of the prosecution's case, the Commonwealth requested that these limitations be removed. The judge did not remove the limitations, but instructed the jury that it was up to them to determine beyond a reasonable doubt whether the defendants were involved in a joint enterprise; and that when they came to examine the evidence, they might determine whether the defendants were joint entrepreneurs and, if so, they might apply the acts and declarations of one defendant against the other. The defense objected, and now argues that it was premature to give the instruction to the jury before the close of all the evidence, and that the judge should first have made a legal determination that the evidence would support a finding of joint enterprise.
Generally, before admitting evidence of acts or statements by one defendant against another defendant, the trial judge must make a preliminary finding that a prima facie conspiracy exists. Commonwealth v. Dominico, 1 Mass. App. Ct. at 717. The judge here did not explicitly state to the jury that he had made such a finding. (See United States v. Richman, 600 F.2d 286, 296 [1st Cir. 1979], relied on by Young, in which the appellant complained because the finding was communicated to the jury.) However, sufficient evidence had come in through Lincoln to enable the judge to find that a joint enterprise existed.
Ultimately, whether a joint enterprise existed was for the jury. Commonwealth v. McDermott, 255 Mass. 575 , 581 (1926). The instant case was tried in the usual manner of conspiracy cases: evidence was admitted against each defendant separately as it affected that defendant, "and then, when sufficient evidence [had] accumulated to support a fair inference of the existence of a conspiracy [the limitation on evidence was removed], so that the evidence of the acts, knowledge and admissions of all who [were] found to have joined . . . [became] applicable against all . . . ." Commonwealth v. Benesch, 290 Mass. 125 , 132-133 (1935). Commonwealth v. Flynn, 362 Mass. 455 , 477 (1972). See Segansky v. United States, 358 F.2d 195, 201 & n.9 (1st Cir. 1966). The trial judge's determination in the case at bar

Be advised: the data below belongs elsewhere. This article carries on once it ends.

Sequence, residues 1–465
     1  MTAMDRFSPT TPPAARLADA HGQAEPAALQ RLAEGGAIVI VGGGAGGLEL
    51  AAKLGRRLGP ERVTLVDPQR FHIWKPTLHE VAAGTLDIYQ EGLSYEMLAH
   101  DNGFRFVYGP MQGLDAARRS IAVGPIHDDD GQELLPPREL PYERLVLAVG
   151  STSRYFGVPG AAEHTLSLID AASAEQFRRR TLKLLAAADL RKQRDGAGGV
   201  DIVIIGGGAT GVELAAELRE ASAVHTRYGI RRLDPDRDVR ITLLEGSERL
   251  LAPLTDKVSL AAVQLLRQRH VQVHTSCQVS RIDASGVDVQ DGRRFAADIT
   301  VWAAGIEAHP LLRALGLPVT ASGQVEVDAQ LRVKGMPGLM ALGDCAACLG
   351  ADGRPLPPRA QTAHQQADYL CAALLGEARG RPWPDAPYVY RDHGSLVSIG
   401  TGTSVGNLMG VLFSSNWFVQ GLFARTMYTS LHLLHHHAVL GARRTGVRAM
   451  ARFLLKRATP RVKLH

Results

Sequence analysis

that the Commonwealth had made out a prima facie case of joint enterprise at the close of its evidence is implicit from a study of the record. His choice not to announce his finding avoided any risk of invading the fact-finding function of the jury. See DeJoinville v. Commonwealth, 381 Mass. 246 , 251-252 (1980); Commonwealth v. DiSanto, 8 Mass. App. Ct. 694 , 710-711 (1979).
We do not perceive prejudice to the defendant by the judge's electing, at that stage in the trial, to instruct the jury that they must find beyond a reasonable doubt that the defendants were involved in a joint enterprise before they could apply the statements of one defendant to the other. See Commonwealth v. Beckett, 373 Mass. 329 , 337, 340-341 (1977). The judge did not, as the defendant claims, instruct the jury to begin their deliberations at the time as to whether a joint enterprise existed. Correct instructions on this issue were restated in the judge's comprehensive instructions to the jury at the conclusion of the trial.
[Note 1] This is not the first case to come before this court in which Lincoln went through an anticipatory examination concerning his agreements with the Commonwealth. See Commonwealth v. Zeigler, 9 Mass. App. Ct. 833 (1980), in which the argument made by the defendant in this case was not raised.
[Note 2] In a case where defense counsel waived the right to interrogate a prosecution witness, anticipatory inquiry into the subject by the government would, presumably, not be apt.